Growth in the insurtech space may have happened later than similar developments in other financial services industries, and reached its peak in 2016 with the launch of 177 insurtech start-ups, but the drop to 88 launches in 2017 doesn’t mean the insurtech gold rush is coming to an end, according to Deloitte’s 2018 insurtech investment trends and insights analysis. Funding continues to flow into the sector, with investments in 2018 on track to at least meet the $1.83 billion in funds raised in 2017.
Today, several insurance titans have their own investment arms focused on promoting development in insurtechs that add value to the industry and its clients, and have seen a major evolution in the contributions of these technology companies as well as their relationships with insurers in the last few years. One insurance leader remembers when the insurtech space was just beginning to boom in 2015.
“Suddenly, people started talking about [insurtech], but it wasn’t quite clear whether it was going to catch on,” said Martha Notaras, partner at XL Innovate, a global insurtech venture capital firm backed by its limited partner AXA XL. “We started the fund after a lot of the distribution plays had already been created, in terms of the aggregators, but at that time nobody was really talking about that as being insurtech.”
It was only when start-ups began proposing services aimed at personal lines – Lemonade being one of the fund’s early investments – did people start looking at insurtech as something unique in the insurance landscape, explained Notaras. Since then, the value propositions of insurtechs have evolved, and touched commercial lines as well.
“We’ve seen a transition from more personal lines to – and we had hoped for this – now we’re starting to see a lot more companies that are handling commercial and they’re not necessarily recreating commercial insurance companies,” she explained. “Very often, they are providing data and analytics into commercial insurance, and maybe that’s a new data stream or maybe it’s a new way of looking at data.”
Attitudes have also transformed over time, on both sides of the aisle. Notaras told Insurance Business that there was contempt for existing insurers in 2015 among start-ups whereas today, technology experts are able to identify and address some of the limitations facing the industry, whether it’s data or regulation, and their contributions are welcomed.
“There are companies, some of which have been started by people who have been in insurance in the past, that know what some of the problems are so they’re trying to solve fairly basic issues, which are very similar to issues that have gotten addressed also in fintech, in terms of being able to track a single person or a single entity, or being able to input data once and flow it through the entire chain,” said Notaras.
Among its investments, XL Innovate counts start-ups created in-house, namely New Energy Risk, which uses insurance to enable deployment of renewable energy, alongside disruptive insurance models, including Lemonade and Embroker, and data and analytics companies providing value to insurance applications, such as Cape Analytics, which gathers property intelligence based on AI and geospatial imagery, and real-time political risk quantifier GeoQuant.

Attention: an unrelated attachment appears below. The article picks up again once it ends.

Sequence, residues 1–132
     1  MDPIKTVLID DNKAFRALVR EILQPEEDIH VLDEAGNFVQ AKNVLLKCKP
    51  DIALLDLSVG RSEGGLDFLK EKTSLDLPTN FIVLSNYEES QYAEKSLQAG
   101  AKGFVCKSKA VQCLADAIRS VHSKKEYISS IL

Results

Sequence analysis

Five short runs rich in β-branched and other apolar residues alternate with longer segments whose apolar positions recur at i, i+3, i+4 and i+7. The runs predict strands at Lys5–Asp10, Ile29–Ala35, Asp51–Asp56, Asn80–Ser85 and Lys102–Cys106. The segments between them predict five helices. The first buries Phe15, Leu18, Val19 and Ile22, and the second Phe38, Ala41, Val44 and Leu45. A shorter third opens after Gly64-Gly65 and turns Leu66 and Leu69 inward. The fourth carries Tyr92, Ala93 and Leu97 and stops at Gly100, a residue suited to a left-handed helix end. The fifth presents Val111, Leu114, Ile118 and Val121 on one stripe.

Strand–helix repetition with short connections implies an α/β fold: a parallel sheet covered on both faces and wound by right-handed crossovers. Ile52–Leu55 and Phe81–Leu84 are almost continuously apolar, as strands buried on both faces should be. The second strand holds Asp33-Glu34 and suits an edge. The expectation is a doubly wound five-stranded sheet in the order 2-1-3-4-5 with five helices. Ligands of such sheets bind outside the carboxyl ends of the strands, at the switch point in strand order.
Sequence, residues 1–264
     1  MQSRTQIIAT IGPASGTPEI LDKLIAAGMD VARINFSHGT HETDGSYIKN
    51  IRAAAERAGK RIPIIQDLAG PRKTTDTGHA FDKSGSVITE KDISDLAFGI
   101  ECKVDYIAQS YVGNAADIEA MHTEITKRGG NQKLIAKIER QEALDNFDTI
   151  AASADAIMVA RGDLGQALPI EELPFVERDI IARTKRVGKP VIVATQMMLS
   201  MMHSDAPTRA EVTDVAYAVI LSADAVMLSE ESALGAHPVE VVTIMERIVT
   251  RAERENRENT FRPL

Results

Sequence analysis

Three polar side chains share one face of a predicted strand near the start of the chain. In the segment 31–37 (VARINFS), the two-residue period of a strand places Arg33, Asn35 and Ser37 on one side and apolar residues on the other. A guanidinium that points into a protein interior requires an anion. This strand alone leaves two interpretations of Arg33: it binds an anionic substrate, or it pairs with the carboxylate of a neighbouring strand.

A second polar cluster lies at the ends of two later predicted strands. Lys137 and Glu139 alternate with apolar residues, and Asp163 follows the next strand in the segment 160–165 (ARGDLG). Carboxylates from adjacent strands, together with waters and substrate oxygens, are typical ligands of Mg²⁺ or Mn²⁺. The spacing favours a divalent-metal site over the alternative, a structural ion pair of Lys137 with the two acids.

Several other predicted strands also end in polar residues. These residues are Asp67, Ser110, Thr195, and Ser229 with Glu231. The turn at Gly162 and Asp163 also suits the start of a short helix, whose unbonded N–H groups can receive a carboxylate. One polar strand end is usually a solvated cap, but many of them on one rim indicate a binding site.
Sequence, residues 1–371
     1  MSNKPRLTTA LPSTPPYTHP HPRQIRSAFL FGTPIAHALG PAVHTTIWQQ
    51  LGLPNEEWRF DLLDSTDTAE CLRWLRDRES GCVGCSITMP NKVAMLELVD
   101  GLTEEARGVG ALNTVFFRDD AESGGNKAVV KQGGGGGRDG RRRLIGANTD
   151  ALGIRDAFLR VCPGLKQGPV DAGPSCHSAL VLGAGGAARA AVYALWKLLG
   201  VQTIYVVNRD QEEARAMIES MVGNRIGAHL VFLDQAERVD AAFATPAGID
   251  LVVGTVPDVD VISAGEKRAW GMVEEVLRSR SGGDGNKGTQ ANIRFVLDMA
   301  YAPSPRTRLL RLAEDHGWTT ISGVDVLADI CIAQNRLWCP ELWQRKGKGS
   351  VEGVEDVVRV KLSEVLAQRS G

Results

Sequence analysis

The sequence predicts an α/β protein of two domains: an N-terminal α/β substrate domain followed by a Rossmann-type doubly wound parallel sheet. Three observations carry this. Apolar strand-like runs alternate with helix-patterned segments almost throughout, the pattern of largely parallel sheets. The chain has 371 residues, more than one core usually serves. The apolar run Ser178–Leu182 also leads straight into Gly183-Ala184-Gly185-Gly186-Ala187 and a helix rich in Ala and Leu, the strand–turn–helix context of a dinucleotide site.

Argo Group likewise has its own investment outpost via Argo Ventures, which helps early and growth-stage ventures contribute to the world of financial services and insurance. The fund focuses on insurance technology, risk management, fintech, enterprise software and any other tech solution that has an insurance component to it, explained Oleg Ilichev, head of investments at Argo Ventures.
“Whenever there’s a tech start-up that touches insurance, we want to be front and center on entrepreneurs’ minds,” he told Insurance Business, adding that for seed-stage companies, Argo Ventures’ experts will be “their eyes and ears, and partners in insurance,” while for growth-stage insurtechs, Argo Ventures will help companies with continued expansion and figuring out the next iteration of their businesses.
As for a specific part of the insurance value chain where insurtechs are providing the most value, all areas are seeing entrants into the marketplace that are contributing something beneficial, though not all insurtechs are built for the long-term.
“The bigger question is who’s going to be the winner. I think there are a lot of companies that are just building features and are not really long-term, sustainable, disruptive businesses that are venture-backable,” said Ilichev.
Brokers worried about being replaced by technology need not worry, he added. While some insurance products can be delivered directly to insureds, many insurance offerings become bespoke very quickly, depending on the type of class being underwritten.
“We’ve found that the brokers are going to be here to stay and that insurtechs that are actually building software to make the broker much better at their jobs is going to be a successful approach,” he said.
Insurtech isn’t a fad that’s going away, though what shape or form the sector will take in the coming years is anyone’s guess. For future investments, the XL Innovate team is looking for businesses that are taking a chunk of the commercial insurance process and addressing a problem in that area, said Notaras.
“One of the defenses has always been that commercial lines are so complex that insurtech won’t make progress into that, but we’re seeing that actually there are data and analytics that drive the commercial lines and also that there are certain operational efficiencies that you can drive into,” explained the XL Innovate partner. “When you tell me that a problem is complex, my first question is, I understand that the problem is complex, but which portions of that problem are not complex because I think that there are point solutions that can come in and move out from there.”